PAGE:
In a statement from the United States Department of Justice clearing Google’s acquisition of Motorola, the DOJ also closed its investigations into Apple’s acquisition of certain Novell patents, and the Apple, Microsoft, and RIM acquisition of Nortel patents.  The statement claimed concerns of unfair use of the patents were curbed with Apple and Microsoft making strong commitments to the DOJ regarding fair, reasonable and non-discriminatory use of standard essential patents and not to “seek injunctions in disputes.” However, Google apparently didn’t provide the same level of commitment:

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“During the course of the division’s investigation, several of the principal competitors, including Google, Apple and Microsoft, made commitments concerning their SEP licensing policies.  The division’s concerns about the potential anticompetitive use of SEPs was lessened by the clear commitments by Apple and Microsoft to license SEPs on fair, reasonable and non-discriminatory terms, as well as their commitments not to seek injunctions in disputes involving SEPs.  Google’s commitments were more ambiguous and do not provide the same direct confirmation of its SEP licensing policies.”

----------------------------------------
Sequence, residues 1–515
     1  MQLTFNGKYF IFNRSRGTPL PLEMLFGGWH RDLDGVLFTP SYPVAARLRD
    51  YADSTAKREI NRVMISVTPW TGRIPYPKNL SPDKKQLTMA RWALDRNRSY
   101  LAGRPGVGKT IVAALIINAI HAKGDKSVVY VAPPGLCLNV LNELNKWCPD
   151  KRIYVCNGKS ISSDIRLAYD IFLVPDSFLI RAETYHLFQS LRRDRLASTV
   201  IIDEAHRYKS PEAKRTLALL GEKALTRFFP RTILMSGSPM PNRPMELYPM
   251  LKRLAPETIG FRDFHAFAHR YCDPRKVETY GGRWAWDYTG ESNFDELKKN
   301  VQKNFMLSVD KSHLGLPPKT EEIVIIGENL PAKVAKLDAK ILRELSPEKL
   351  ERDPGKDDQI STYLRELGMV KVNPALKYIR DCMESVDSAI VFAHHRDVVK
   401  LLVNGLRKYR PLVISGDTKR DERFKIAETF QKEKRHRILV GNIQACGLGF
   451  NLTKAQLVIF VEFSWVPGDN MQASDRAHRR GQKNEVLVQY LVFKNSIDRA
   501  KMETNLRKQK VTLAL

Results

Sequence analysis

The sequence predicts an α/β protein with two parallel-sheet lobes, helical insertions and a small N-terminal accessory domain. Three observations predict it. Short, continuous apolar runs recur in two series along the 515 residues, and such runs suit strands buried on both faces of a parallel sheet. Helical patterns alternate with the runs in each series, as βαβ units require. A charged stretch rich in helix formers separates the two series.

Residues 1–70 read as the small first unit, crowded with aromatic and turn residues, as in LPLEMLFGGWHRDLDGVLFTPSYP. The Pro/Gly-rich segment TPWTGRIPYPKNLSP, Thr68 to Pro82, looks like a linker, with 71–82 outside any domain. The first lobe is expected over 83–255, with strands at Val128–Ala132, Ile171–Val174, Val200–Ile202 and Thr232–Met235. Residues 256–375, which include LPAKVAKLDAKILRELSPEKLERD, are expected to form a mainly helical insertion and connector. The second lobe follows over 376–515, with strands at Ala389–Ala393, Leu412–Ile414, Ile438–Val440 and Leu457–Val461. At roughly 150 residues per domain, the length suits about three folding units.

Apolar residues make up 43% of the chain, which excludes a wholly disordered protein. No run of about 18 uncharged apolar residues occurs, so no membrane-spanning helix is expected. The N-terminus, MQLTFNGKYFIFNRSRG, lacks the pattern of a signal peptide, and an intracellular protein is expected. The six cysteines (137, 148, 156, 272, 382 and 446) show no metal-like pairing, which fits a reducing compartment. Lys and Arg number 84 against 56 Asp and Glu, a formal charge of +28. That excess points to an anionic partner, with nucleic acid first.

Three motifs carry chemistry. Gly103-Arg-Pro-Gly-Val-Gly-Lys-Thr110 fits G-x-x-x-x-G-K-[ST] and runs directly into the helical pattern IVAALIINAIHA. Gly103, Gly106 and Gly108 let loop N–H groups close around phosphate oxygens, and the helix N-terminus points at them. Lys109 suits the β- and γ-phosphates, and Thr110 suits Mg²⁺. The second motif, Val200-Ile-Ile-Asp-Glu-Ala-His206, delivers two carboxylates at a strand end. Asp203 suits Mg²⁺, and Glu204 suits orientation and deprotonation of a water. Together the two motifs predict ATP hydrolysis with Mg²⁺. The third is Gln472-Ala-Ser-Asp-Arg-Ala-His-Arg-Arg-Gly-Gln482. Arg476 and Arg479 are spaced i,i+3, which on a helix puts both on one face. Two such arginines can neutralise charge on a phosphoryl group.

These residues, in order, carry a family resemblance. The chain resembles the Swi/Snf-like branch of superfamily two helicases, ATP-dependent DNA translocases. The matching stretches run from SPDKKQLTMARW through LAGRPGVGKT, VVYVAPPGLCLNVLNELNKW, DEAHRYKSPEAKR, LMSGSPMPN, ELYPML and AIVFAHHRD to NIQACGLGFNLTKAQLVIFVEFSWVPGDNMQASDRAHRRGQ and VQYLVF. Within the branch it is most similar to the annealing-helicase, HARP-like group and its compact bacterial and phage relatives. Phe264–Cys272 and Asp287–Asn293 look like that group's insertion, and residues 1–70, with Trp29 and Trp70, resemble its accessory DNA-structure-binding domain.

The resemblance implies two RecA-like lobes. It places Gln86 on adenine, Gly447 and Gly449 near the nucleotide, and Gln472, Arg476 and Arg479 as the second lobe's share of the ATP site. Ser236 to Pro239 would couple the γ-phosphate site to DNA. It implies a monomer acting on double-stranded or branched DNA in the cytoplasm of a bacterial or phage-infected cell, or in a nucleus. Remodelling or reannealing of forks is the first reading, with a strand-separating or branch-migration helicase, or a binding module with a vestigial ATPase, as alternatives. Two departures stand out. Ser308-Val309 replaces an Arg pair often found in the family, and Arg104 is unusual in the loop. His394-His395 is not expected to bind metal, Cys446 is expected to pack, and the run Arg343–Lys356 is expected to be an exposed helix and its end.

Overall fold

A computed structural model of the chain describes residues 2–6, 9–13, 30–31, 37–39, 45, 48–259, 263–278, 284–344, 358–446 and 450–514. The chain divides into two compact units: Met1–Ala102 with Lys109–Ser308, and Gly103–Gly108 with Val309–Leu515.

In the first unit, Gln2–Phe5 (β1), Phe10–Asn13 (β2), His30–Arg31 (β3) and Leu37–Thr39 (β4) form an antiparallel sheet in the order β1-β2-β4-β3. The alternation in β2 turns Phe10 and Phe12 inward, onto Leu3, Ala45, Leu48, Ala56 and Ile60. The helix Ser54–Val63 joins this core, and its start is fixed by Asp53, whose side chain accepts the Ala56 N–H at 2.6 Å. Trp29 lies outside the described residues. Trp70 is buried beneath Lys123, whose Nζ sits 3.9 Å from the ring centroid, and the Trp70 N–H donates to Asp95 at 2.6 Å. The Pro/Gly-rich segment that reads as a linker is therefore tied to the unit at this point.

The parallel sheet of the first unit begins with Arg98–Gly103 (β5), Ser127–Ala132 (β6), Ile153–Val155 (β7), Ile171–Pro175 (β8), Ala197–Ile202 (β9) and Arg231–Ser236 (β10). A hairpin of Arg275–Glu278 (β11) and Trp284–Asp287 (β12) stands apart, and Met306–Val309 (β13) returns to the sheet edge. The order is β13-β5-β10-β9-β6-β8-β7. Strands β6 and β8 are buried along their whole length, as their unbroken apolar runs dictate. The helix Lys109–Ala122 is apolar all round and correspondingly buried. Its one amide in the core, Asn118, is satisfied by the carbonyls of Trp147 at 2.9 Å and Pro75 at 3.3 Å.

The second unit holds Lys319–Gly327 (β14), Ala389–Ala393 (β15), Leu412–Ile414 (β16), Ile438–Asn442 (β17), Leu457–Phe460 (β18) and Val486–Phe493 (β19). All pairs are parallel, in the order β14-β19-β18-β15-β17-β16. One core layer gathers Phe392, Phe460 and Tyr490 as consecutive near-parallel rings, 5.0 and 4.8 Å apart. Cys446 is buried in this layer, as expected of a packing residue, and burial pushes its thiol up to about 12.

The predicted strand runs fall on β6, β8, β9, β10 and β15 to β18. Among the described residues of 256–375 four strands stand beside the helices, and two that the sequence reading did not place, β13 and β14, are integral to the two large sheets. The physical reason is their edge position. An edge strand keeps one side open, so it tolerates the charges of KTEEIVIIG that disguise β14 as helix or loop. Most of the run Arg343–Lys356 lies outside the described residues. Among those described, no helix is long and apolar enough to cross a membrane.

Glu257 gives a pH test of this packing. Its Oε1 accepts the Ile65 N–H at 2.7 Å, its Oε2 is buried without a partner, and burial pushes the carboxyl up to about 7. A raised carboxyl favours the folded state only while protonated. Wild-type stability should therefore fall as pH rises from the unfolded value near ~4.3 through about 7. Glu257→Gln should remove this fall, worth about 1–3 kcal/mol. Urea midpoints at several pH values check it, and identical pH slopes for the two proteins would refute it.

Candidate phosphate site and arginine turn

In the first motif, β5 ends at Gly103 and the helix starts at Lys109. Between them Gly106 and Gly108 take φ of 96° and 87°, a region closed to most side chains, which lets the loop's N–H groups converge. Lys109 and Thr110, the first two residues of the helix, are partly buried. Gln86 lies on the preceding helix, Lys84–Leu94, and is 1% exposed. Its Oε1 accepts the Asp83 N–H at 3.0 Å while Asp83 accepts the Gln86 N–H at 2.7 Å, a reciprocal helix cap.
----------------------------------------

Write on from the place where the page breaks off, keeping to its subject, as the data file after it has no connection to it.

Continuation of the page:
The DOJ continued that Apple’s plan to pick up Novell patents from CPTN Holdings LLC, who acquired them on behalf of Apple in April,  is “unlikely to harm competition”. The DOJ claimed Apple’s acquisition of the patents wouldn’t allow the company to stop offering royalty-free licenses for use in Linux, and Apple has even committed to honoring the terms of the Novell’s licensing agreements:

While the patents Apple would acquire are important to the open source community and to Linux-based software in particular, the OIN, to which Novell belonged, requires its participating patent holders to offer a perpetual, royalty-free license for use in the “Linux-system.”  The division investigated whether the change in ownership would permit Apple to avoid OIN commitments and seek royalties from Linux users.  The division concluded it would not, a conclusion made easier by Apple’s commitment to honor Novell’s OIN licensing commitments.